Islamic State group militants killed at least 44 people Tuesday in Mabuja, a government-held village in central Syria.
The violent Islamist group launched the attack in a region which is known for its diverse religious sects, including Christian, Ismailis and Alawites.
The Syrian Observatory for Human Rights said that the Islamic State group shot, burned or stabbed the victims, which included 37 civilians, many of whom were women and children. The Director of the Syrian Observatory said that there were villagers who were missing, but he could not be sure if they had been abducted or killed.
A few days before, the Islamic State group released a video showing its fighters beheading eight men it said were Shiite Muslims. An Islamic State group militant said the Shiite victims were “impure infidels,” and added, “Our swords will soon, God willing, reach the Nuseiries and their allies like Bashar and his party.” He was referring to Syrian President Bashar Assad.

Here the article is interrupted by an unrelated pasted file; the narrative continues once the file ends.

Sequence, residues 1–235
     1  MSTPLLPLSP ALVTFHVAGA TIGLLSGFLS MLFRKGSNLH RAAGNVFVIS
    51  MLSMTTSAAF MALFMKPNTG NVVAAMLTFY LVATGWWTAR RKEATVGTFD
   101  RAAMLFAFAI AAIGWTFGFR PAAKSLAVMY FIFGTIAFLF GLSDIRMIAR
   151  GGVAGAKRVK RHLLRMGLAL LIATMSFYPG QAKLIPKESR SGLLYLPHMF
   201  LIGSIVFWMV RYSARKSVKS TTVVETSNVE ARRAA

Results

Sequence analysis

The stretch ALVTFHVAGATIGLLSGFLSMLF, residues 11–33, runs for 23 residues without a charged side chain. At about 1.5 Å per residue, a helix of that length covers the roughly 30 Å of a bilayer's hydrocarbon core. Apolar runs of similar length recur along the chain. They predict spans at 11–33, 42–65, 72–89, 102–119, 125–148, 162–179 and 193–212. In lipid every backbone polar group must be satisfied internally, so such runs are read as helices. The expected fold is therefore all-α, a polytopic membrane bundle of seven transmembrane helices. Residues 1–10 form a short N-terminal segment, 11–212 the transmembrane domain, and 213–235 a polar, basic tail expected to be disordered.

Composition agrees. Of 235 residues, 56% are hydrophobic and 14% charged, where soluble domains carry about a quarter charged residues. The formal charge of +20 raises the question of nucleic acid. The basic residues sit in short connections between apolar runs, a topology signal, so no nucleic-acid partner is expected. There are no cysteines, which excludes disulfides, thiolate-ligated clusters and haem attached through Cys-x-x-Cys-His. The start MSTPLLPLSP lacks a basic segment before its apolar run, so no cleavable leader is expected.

Syrian government forces carried out airstrikes and surface-to-surface missiles on the city of Idlib, which has been controlled by a coalition of rebel groups, “Fattah Army,” for the past couple of days. The coalition included Ahrar al-Sham and Nusra Front. At least 23 people were killed by the Syrian government's shellings and missile attacks. There were also allegations by journalists and activists that the Syrian government used chemical weapons in the bombings. Assad recently denied these allegations last Sunday in an interview with CBS network’s Charlie Rose, host of “60 Minutes.”
The Islamic State group for the past year has been taking over large swathes of Syria and Iraq, with the aim of establishing an Islamic state. Since last summer, the U.S. has led a coalition to conduct air strikes against the Islamic State group.